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BLACKOUT

Guinea readies for a controversial referendum amid talk of an internet shutdown

A referendum campaign poster supporting the reform of the constitution
REUTERS/Stringer
A referendum campaign poster supporting the reform of the constitution is pictured in Conakry.
  • Annabelle Timsit
By Annabelle Timsit

Geopolitics reporter

Published

Confusion over possible disruptions to Guinea’s broadband and telephone network has sparked anger as the country gears up for a controversial referendum this weekend (Mar. 22) that could allow president Alpha Condé to extend his time in office by another 12 years.

GUILAB, the infrastructure company that manages the telecom capacity allocated to Guinea on the Africa Coast Europe submarine cable (ACE) system, said this week that planned upgrades to the ACE network would take place between Saturday (Mar. 21)  and Sunday (Mar. 22) and “cause the interruption of international communications (telephone calls & Internet) from all connected countries on this network,” which includes Guinea and 22 other countries.

The timing of this announcement, which was first reported by local outlets like Guinée 114 and Mosaïque Guinée, raised suspicions the government was trying to interfere with the rollout of a referendum on changes to Guinea’s constitution. Critics say the changes could allow Condé, 82, who has been president since 2010, to govern for two more six-year terms. Condé has not confirmed whether he would run again, though he said in an interview, “my party will decide.”

REUTERS/Benoit Tessier/
Guinea’s president Alpha Condé

When asked whether disruptions to the telecom network could affect the rollout of the vote, Oumar Koulibaly, CEO of GUILAB, said the timing of the maintenance on the network was “a coincidence.” But in response to the backlash, the company quickly backtracked, saying in a statement late Friday (Mar. 20) that the upgrade work would be delayed to April.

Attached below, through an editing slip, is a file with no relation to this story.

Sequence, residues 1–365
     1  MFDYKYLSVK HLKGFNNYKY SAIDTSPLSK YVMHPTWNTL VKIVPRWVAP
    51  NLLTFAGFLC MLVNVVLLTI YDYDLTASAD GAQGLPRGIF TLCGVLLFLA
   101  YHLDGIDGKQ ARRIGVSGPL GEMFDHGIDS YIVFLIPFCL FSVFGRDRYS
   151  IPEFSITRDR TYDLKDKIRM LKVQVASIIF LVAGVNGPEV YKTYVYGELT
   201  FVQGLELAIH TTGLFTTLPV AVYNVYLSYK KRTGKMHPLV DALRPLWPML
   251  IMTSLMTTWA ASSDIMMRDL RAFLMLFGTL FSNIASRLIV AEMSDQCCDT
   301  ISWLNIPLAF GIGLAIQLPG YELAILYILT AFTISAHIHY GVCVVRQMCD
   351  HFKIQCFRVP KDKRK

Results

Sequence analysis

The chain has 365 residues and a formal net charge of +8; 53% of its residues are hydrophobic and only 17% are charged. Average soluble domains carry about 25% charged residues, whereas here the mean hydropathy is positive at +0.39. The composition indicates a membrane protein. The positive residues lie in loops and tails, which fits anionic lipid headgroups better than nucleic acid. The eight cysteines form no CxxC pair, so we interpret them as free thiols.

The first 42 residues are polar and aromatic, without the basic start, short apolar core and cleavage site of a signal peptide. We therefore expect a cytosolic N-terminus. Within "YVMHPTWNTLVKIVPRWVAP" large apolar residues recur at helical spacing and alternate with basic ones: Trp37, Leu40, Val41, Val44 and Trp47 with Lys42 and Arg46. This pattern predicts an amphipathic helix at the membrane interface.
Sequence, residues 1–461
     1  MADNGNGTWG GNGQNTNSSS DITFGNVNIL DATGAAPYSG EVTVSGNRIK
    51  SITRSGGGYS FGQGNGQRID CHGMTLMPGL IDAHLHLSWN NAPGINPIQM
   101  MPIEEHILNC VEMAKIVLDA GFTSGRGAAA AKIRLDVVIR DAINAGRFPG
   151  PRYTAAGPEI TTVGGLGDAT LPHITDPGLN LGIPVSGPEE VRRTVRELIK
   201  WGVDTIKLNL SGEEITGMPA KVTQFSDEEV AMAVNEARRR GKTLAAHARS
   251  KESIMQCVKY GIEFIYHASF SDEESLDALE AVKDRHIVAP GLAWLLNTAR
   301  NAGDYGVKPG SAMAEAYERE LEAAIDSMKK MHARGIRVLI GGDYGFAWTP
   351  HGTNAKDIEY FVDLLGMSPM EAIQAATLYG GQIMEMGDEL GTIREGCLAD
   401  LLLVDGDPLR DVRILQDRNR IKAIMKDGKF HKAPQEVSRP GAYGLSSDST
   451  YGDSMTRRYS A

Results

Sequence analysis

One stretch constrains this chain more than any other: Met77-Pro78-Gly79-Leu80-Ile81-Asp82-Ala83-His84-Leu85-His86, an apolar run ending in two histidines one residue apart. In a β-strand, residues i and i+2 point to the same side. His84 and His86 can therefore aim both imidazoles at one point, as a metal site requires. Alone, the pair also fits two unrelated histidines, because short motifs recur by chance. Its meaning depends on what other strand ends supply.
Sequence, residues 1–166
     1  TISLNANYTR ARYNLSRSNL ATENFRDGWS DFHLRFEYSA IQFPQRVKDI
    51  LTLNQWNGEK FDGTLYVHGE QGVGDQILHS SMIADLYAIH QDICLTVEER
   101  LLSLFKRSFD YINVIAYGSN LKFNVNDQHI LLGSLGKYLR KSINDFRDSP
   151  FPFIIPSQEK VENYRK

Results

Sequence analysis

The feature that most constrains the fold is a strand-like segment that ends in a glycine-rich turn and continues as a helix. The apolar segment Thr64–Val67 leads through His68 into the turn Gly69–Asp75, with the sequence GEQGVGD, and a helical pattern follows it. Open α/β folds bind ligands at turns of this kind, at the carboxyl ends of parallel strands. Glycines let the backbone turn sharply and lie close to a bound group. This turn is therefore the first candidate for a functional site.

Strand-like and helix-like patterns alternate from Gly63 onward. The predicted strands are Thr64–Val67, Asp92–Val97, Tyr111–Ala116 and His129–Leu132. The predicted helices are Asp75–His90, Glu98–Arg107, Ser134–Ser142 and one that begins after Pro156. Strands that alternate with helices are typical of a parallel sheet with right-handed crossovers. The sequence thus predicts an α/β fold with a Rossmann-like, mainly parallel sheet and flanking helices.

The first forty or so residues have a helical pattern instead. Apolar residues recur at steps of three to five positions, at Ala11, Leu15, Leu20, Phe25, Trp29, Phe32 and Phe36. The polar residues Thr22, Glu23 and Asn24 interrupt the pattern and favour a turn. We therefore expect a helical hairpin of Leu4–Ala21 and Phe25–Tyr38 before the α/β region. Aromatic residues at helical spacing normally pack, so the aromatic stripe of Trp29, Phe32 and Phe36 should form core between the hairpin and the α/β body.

There is precedent in African leaders disrupting communication networks to control the flow of information in their countries. In fact, internet shutdowns rose by 32% in 2019 compared to the previous year. In most cases, under the guise of security, governments simply want to hamper opposition leaders from organizing protests or riling up citizens about their policy or political decisions. A fair number of internet shutdowns or social media blocks also happen around elections.

Referendum vs elections

The Guinean referendum, which was announced in October, proposes language for a new constitution. Condé, who is Guinea’s first democratically-elected president, says these changes are sorely-needed, because the current constitution was drafted during the country’s military dictatorship.

The new language contains progressive measures to promote gender equality in government and ban female genital mutilation and underage marriage. But it would also extend the length of a presidential term from five to six years, and limit presidential terms to two. But critics fear this would essentially reset Condé’s time in office to zero, allowing him to run for two more six-year terms when his second term runs out at the end of this year.

Oppositions groups said they will boycott the vote, and widespread anti-government demonstrations in the Guinean capital of Conakry have led to the death of at least 30 people including one police officer.

The referendum was originally scheduled for Feb. 29, but the government delayed it, citing international concerns raised by bodies like the Organisation Internationale de la Francophonie, a group representing French-speaking nations, about the integrity of the electoral register. The referendum will be held alongside legislative elections that were originally scheduled for Feb. 16.

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